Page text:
1. Microbiology and Infectious Disease
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Transcriptomic analysis reveals reduced transcriptional activity in the malaria parasite Plasmodium cynomolgi during progression into dormancy

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Cite this article as: eLife 2018;7:e41081 doi: 10.7554/eLife.41081

Abstract

Relapses of Plasmodium dormant liver hypnozoites compromise malaria eradication efforts. New radical cure drugs are urgently needed, yet the vast gap in knowledge of hypnozoite biology impedes drug discovery. We previously unraveled the transcriptome of 6 to 7 day-old P. cynomolgi liver stages, highlighting pathways associated with hypnozoite dormancy (Voorberg-van der Wel, 2017). We now extend these findings by transcriptome profiling of 9 to 10 day-old liver stage parasites, thus revealing for the first time the maturation of the dormant stage over time. Although progression of dormancy leads to a 10-fold decrease in transcription and expression of only 840 genes, including genes associated with housekeeping functions, we show that pathways involved in quiescence, energy metabolism and maintenance of genome integrity remain the prevalent pathways active in mature hypnozoites.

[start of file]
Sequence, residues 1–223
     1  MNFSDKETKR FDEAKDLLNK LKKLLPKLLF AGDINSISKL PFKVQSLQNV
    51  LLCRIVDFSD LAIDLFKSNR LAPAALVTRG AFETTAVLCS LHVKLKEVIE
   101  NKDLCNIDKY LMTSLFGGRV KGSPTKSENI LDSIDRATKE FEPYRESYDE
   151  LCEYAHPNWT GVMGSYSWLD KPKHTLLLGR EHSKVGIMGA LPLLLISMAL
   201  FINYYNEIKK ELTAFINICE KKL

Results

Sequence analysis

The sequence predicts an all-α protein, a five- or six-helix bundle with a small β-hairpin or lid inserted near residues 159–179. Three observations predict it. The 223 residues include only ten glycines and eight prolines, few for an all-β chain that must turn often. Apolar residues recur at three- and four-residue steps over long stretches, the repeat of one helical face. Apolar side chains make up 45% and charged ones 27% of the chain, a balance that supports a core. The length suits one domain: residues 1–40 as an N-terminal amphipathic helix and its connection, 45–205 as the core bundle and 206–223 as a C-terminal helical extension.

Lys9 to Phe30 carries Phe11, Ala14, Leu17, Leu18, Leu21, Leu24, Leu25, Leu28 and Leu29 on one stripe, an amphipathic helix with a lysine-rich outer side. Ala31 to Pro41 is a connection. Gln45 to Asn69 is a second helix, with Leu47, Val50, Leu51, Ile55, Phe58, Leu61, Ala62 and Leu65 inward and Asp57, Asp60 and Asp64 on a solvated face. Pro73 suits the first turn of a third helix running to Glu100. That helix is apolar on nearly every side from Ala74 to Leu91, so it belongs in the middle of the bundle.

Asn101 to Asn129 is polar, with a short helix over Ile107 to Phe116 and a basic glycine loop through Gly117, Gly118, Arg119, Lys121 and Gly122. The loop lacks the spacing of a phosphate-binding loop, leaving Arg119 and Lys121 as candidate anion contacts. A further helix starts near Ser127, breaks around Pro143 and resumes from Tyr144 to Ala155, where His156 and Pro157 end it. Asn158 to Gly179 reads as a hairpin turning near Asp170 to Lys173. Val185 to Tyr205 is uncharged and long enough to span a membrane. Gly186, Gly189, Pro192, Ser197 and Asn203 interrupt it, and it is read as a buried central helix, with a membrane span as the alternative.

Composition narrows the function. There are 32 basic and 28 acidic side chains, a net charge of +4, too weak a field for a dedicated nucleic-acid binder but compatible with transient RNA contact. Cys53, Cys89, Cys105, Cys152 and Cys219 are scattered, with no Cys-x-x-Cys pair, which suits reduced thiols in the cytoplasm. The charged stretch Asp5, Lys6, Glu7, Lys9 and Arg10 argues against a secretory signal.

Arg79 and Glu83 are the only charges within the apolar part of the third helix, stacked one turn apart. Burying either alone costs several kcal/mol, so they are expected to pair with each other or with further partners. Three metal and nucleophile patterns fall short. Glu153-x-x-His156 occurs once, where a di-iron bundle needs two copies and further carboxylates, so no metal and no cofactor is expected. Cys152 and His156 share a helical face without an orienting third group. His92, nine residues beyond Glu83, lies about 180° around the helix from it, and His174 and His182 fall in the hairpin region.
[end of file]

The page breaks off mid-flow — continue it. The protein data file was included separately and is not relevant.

Article and author information

Author details

  1. Nicole L Bertschi

    Chemical Biology and Therapeutics, Novartis Institutes for BioMedical Research, Basel, Switzerland
    Competing interests
    Nicole L Bertschi, employed by and/or shareholders of Novartis Pharma AG.
  2. Annemarie Voorberg-van der Wel

    Department of Parasitology, Biomedical Primate Research Centre, Rijswijk, Netherlands
    Competing interests
    No competing interests declared.
    ORCID icon "This ORCID iD identifies the author of this article:" 0000-0001-9403-0515
  3. Anne-Marie Zeeman

    Department of Parasitology, Biomedical Primate Research Centre, Rijswijk, Netherlands
    Competing interests